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Inside Washington (08/11/2010)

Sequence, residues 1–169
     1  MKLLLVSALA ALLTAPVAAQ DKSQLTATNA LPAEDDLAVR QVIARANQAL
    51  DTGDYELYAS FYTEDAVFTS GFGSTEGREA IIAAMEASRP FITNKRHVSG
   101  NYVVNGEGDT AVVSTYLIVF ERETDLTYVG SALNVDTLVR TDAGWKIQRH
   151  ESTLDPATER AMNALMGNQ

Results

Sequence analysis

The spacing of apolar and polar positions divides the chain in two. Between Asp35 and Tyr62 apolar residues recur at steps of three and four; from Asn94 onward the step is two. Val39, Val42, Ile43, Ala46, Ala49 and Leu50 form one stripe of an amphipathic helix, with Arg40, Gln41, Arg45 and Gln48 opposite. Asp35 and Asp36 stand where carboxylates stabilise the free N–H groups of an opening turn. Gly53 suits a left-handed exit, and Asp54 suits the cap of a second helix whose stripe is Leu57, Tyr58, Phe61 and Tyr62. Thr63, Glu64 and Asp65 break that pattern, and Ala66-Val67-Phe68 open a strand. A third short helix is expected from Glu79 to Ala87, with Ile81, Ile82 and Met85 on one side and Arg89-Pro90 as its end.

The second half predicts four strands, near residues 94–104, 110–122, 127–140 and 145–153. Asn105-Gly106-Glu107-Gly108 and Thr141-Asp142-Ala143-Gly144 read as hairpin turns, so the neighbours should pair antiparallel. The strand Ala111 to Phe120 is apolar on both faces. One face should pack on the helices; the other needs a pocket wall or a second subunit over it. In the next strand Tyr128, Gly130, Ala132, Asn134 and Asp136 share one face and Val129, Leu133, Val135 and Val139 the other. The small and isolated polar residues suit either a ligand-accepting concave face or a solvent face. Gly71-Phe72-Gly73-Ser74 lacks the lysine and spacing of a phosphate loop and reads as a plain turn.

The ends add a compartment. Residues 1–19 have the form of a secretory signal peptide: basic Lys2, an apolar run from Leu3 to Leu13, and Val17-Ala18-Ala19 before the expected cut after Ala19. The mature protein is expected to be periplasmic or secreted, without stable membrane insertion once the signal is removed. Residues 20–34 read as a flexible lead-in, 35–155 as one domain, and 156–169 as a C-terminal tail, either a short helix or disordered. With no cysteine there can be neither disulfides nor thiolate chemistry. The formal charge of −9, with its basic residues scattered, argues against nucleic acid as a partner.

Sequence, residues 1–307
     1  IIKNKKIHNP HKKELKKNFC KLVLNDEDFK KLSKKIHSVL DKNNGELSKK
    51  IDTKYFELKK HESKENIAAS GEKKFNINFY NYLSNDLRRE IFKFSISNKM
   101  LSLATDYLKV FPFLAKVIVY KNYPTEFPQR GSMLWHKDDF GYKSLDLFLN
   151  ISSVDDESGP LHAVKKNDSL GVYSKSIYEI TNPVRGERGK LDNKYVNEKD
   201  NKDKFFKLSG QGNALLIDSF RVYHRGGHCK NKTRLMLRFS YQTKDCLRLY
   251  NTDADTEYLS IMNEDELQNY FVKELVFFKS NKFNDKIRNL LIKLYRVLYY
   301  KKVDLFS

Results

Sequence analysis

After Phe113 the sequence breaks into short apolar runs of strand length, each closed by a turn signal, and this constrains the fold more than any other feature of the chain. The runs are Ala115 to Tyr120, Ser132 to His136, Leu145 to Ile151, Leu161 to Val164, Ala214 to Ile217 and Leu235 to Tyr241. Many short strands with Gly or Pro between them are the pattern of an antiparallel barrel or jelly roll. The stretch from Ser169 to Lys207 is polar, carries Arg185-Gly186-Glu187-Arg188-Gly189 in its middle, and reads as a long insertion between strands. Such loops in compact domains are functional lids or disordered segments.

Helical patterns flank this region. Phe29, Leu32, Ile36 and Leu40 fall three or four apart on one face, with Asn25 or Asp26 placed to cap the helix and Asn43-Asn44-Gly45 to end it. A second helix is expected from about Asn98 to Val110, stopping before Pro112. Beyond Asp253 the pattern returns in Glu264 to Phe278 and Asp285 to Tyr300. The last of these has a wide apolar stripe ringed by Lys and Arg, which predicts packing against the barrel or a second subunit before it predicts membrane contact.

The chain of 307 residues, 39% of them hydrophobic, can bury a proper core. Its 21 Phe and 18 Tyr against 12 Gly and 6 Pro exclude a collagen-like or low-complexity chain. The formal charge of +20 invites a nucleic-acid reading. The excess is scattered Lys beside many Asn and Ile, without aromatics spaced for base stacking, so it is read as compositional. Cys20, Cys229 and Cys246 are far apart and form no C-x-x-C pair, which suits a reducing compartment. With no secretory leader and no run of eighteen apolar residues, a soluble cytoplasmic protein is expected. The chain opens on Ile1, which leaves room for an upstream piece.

* WASHINGTON (8/12/10)--Financial industry experts expect that many merchants will steer customers toward cheaper payment methods soon, now that merchants can do so without violating contracts, said American Banker (Aug. 11). Some may push consumers to use personal identification-number payments over signature-based transactions, the newspaper said. Retailers likely will impose minimum transaction amounts for cards, which is a practice MasterCard and Visa had prohibited until reform legislation--the Dodd-Frank Act--allowed it. Processors, who worry that steering customers away from certain payment methods could reduce transaction volumes, are telling retailers that turning away payments could cost them sales. However, debit cards could benefit if merchants set limits on credit cards, because consumers would be forced to use debit to pay for less expensive items. Bob Baldwin, president and chief financial officer of Heartland Payment Systems, said merchants should carefully look at sales records and processing expenses before imposing minimums. Heartland recently sent a notice to its merchants saying the minimum allowed under Dodd-Frank cannot exceed $10 and applies only to credit cards ... * WASHINGTON (8/12/10)--The Federal Deposit Insurance Corp. (FDIC) proposed guidance for public comment on how the banking institutions it supervises should implement and maintain oversight of automated overdraft payment programs. The proposal focuses on ways banks can monitor their programs for excessive use by consumers as short-term credit. Under new rules, banking institutions must give consumers the opportunity to opt-in to overdraft protection. Consumers have until Sunday to opt-in ... * WASHINGTON (8/12/10)--The Federal Deposit Insurance Corp. (FDIC) plans to create two new divisions to handle consumer protection and systemic resolutions, the agency said Tuesday (American Banker Aug. 11). The Office of Complex Financial Institutions will conduct reviews and oversee bank holding companies with more than $100 billion in assets. A Division of Depositor and Consumer Protection also will be established to complement the activities of the Consumer Financial Protection Bureau, which was created under the recently enacted regulatory reform bill ... * WASHINGTON (8/12/10)--A new Federal Housing Administration (FHA) program could help up to 1.5 million people who are current on their mortgages but owe more than their homes’ value. Participation will likely be in the low six figures, but would be higher than earlier FHA programs, the agency said (American Banker Aug. 11). FHASecure helped fewer than 1,000 borrowers, and Help for Homeowners aided fewer than 100. Under the new program, servicers would write down a loan by at least 10%. The first lien has to be written down to 97.75% of the home’s current value before being refinanced--a “short refi.” For second liens, the combined loan-to-value after refinancing cannot be more than 115%. The program offers a debt-to-income ratio of 50% and homeowners’ total monthly mortgage payments cannot be more than 31% of monthly income ...


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